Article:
Monday, July 16, 2018

The Iceman #2: The Golden Shaft

The Iceman #2: The Golden Shaft, by Joseph Nazel
March, 1974  Holloway House

Has it really been eight years since I read the first volume  of Iceman? Judging from my review, I didn’t much like it, but I bet if I were to read it again I’d enjoy it more. Eight years of reading trash pretty much rots your brain, folks, so whereas I was apparently expecting something more “literary” back in 2010, these days I’d probably just be content to read all the copious descriptions of guts getting blown out.

Well anyway I didn’t even realize I had this second volume. I knew I had a couple of the later ones, thus it was a pleasure to discover The Golden Shaft sitting in the same box as the rest of them. It seemed then only mere logic that I read this volume next, having previously read the first volume. Sorry, no idea where I was going with that. To cut to the chase, I actually enjoyed this one – as with Billion Dollar Death, it’s basically full-on Blaxploitation, lacking only a suitable soundtrack.

Speaking of that previous book, too-cool-for-words Henry Highland West, aka the Iceman, often relfects back on the incidents which occurred therein, “some time ago.” We’re first treated to an overlong prologue which reminds us who Iceman is, how he got his start, how he moved to his high-tech casino-fortress-cathouse, the Oasis, in the desert outside Vegas, complete with a massive computer in the bowls of the place that keeps Iceman abreast of what’s going on in the outside world. As ever he’s accompanied by his consorts Kim (Chinese) and Solema (African), and his favorite color is powder blue, so all his various Adventure Joe-like accessories are colored thusly: his dirt bike, his helicopter, his dirt buggy.

We start right in on the action, as a pack of bikers bully an old gold prospector, ultimately blowing him away. But this old prospector happens to be a friend of Iceman’s, and indeed all this is happening not too far from the Oasis. Not only that, but Iceman happens to be dirt-biking with Kim and Solema, and he heads off to see what the hell’s goin’ on. Probably the Man, fool! Just kidding; the spirit of these books is contagious. Anyway Iceman busts out his .44 automatic and starts gunning down biker scum – Nazel as ever delivers good gore, with brains blown out and the like. Iceman’s women all carry .38s in their knee-high leather boots, by the way, so Solema also guns down some biker creeps.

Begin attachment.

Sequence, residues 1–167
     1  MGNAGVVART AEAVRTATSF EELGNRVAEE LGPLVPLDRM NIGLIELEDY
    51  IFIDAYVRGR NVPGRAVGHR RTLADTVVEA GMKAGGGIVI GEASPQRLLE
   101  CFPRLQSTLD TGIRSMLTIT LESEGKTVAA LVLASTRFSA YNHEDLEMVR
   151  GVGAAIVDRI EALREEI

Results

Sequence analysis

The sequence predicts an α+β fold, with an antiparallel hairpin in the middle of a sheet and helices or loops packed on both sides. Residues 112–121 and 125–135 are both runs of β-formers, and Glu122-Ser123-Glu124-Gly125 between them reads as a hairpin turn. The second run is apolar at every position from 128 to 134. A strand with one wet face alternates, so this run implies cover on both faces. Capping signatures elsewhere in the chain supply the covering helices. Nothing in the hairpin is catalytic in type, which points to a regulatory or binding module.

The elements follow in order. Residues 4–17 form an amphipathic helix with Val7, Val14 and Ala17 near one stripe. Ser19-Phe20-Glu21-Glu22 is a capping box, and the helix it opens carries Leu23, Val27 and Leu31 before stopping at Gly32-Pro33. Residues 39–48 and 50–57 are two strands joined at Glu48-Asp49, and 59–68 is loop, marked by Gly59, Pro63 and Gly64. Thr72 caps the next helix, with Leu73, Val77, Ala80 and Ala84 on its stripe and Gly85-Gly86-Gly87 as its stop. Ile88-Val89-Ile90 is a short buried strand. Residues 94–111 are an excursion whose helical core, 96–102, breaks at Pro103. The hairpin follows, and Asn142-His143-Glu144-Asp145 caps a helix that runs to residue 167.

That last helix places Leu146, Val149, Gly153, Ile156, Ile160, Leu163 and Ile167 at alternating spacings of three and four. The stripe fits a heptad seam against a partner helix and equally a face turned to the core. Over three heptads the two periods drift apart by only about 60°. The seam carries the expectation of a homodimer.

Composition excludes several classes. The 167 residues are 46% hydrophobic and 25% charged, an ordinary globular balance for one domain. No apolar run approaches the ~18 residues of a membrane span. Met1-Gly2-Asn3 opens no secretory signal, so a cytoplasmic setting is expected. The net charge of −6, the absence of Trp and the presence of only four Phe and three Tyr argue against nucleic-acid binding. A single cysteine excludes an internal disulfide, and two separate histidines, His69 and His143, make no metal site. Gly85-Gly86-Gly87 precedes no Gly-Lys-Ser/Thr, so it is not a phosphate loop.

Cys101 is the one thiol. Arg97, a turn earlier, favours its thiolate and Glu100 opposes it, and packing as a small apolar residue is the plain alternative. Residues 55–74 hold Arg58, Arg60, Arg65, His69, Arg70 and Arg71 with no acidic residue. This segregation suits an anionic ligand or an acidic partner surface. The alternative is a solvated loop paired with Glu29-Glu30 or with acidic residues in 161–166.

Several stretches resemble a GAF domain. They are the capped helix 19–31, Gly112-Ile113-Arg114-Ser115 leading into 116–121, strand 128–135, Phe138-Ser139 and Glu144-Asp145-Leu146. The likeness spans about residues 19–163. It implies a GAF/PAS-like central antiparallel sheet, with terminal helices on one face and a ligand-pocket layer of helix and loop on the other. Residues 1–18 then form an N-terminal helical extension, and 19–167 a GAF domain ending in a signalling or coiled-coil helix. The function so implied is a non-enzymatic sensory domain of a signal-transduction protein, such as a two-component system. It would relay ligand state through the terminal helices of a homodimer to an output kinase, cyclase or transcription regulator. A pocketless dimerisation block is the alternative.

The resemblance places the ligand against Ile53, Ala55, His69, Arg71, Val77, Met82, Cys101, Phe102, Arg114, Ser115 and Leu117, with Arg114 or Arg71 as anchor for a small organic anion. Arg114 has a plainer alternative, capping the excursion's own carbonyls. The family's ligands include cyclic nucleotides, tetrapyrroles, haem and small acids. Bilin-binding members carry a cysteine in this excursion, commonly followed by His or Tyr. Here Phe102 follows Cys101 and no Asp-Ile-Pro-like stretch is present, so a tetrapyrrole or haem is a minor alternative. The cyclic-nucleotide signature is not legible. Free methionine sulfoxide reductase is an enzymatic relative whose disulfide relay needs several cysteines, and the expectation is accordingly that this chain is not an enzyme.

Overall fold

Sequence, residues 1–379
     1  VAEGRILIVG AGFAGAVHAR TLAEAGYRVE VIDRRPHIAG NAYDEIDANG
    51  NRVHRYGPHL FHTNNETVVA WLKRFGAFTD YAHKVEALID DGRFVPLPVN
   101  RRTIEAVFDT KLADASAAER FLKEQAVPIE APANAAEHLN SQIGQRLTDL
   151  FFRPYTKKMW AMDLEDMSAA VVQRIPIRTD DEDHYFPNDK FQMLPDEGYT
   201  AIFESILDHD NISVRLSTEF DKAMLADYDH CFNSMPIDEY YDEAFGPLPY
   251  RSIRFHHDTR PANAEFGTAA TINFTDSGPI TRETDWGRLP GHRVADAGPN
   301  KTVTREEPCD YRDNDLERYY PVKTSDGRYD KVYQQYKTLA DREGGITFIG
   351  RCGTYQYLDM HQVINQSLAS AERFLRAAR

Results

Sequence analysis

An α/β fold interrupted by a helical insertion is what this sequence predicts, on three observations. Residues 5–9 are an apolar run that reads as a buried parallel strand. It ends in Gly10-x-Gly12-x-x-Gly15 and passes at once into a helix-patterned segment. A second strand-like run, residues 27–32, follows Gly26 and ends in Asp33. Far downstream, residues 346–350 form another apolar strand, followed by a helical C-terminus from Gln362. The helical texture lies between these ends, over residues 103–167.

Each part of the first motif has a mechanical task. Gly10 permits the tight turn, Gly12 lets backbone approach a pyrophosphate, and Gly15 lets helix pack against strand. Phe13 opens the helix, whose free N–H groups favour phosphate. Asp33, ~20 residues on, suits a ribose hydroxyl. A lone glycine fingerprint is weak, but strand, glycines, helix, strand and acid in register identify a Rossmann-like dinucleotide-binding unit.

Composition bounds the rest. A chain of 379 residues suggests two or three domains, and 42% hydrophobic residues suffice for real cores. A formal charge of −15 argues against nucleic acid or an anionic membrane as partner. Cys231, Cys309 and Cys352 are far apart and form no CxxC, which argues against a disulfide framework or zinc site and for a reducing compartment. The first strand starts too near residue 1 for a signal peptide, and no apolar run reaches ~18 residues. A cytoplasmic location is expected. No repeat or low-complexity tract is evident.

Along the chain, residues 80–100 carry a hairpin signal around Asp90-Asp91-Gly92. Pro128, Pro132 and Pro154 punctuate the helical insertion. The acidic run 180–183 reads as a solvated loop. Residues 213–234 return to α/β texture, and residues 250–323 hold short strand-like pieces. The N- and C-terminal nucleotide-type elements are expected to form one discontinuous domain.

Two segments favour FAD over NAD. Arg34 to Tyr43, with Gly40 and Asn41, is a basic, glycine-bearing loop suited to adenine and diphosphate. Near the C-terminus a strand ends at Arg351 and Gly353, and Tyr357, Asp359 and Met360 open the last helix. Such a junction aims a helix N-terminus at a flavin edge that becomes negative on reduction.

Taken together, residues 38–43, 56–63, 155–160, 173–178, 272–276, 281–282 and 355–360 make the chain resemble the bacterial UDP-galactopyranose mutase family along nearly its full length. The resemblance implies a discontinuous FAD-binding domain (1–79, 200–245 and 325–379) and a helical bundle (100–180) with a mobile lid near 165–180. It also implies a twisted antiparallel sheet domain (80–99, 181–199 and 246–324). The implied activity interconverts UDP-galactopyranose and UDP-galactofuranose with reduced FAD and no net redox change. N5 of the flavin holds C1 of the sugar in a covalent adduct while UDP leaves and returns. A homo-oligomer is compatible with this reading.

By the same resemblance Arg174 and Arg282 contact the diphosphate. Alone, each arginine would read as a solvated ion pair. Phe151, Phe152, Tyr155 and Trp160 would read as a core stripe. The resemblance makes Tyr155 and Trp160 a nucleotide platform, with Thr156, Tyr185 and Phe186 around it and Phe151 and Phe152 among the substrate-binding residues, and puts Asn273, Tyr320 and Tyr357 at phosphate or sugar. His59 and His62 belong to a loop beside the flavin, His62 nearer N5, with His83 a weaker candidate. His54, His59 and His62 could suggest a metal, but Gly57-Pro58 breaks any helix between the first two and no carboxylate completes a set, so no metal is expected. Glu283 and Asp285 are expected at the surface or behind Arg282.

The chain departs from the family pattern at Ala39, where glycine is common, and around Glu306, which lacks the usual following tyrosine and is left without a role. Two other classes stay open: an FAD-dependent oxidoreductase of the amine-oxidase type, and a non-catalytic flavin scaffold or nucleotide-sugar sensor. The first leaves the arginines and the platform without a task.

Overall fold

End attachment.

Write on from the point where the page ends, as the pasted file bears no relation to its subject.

Iceman’s been burning for some action, so he sees this as a chance to let it all hang out, baby. Eventually this puts him on the track of a wealthy enterprenneur named Johns and a sadistic South African mercenary Johns employs named Martin. These two did in fact hire the bikers, as it turns out Dipper, Iceman’s prospector friend, had discovered gold on Iceman’s land, and was hiding it from Iceman; Johns wants to buy the land, and still posing as just a regular businessman he visits the Oasis with Martin in tow. True to this subgenre, the racial invective runs rampant as racist Martin leers at the women and wants to tame the black ones.

Nazel does have fun with it, like when Iceman, who instantly detects the true motive of these two, plays up to their racist attitudes, acting as if he’s having a hard time reading the funnies in the newspaper. In truth though Iceman, you of course know, is not only street-wise but brilliant, thus he has these two fools under his thumb in no time. Nazel pads a lot of pages with cutovers to the two villains, plotting and bickering, the latter because Johns is against killing to get their way. Martin though is the cliched evil white villain mandatory of the Blaxploitation genre; the fact that he comes from a country in which whites rule the blacks is often mentioned.